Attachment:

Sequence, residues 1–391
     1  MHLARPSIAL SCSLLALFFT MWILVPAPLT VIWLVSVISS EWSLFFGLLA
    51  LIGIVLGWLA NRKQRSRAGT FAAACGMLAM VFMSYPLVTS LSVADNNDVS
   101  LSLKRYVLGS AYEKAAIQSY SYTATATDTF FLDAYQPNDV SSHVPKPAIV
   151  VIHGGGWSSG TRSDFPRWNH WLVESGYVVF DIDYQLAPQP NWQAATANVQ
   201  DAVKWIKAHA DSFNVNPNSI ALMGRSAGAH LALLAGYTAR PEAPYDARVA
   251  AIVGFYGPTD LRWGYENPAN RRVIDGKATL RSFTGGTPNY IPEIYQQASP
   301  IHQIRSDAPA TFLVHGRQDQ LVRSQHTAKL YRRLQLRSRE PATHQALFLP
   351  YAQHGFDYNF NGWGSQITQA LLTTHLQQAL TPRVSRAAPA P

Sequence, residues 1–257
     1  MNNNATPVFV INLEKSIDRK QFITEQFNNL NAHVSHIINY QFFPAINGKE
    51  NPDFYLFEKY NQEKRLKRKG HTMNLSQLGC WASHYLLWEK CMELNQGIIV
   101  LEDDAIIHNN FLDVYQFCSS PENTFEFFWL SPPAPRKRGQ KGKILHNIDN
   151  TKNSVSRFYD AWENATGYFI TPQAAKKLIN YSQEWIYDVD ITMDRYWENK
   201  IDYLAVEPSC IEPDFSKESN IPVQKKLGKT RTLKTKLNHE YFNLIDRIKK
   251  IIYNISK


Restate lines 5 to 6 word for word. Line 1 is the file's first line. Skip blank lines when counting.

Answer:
   151  VIHGGGWSSG TRSDFPRWNH WLVESGYVVF DIDYQLAPQP NWQAATANVQ
   201  DAVKWIKAHA DSFNVNPNSI ALMGRSAGAH LALLAGYTAR PEAPYDARVA